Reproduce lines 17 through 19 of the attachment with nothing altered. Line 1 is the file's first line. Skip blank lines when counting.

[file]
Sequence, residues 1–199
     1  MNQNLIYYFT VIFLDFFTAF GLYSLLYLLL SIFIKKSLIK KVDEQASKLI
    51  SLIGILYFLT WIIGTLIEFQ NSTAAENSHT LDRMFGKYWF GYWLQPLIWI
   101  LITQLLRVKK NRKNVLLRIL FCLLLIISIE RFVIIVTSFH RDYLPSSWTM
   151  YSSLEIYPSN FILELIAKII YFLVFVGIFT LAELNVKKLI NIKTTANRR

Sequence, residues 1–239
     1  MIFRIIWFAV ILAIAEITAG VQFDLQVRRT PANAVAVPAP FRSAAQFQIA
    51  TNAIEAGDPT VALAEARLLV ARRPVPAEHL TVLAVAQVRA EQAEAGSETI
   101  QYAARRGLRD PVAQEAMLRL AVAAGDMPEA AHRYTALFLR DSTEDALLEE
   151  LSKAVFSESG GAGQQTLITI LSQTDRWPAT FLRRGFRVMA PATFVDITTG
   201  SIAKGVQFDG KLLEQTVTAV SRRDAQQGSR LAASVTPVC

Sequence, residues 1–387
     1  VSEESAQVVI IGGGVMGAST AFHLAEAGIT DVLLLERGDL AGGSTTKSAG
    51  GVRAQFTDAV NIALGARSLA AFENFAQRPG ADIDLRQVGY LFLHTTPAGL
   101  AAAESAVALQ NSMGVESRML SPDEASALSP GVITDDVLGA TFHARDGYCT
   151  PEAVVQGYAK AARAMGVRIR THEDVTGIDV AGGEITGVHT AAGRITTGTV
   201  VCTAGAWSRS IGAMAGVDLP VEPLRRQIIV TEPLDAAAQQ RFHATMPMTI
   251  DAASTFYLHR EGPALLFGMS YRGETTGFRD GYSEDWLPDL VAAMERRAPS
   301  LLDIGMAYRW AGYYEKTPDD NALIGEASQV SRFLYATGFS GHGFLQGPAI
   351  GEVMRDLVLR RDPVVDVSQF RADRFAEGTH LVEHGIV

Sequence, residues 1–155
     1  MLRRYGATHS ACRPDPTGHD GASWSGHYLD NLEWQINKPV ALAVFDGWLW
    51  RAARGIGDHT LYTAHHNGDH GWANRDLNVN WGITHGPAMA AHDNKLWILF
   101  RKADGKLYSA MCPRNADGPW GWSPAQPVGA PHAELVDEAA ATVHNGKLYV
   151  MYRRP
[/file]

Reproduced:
   201  VCTAGAWSRS IGAMAGVDLP VEPLRRQIIV TEPLDAAAQQ RFHATMPMTI
   251  DAASTFYLHR EGPALLFGMS YRGETTGFRD GYSEDWLPDL VAAMERRAPS
   301  LLDIGMAYRW AGYYEKTPDD NALIGEASQV SRFLYATGFS GHGFLQGPAI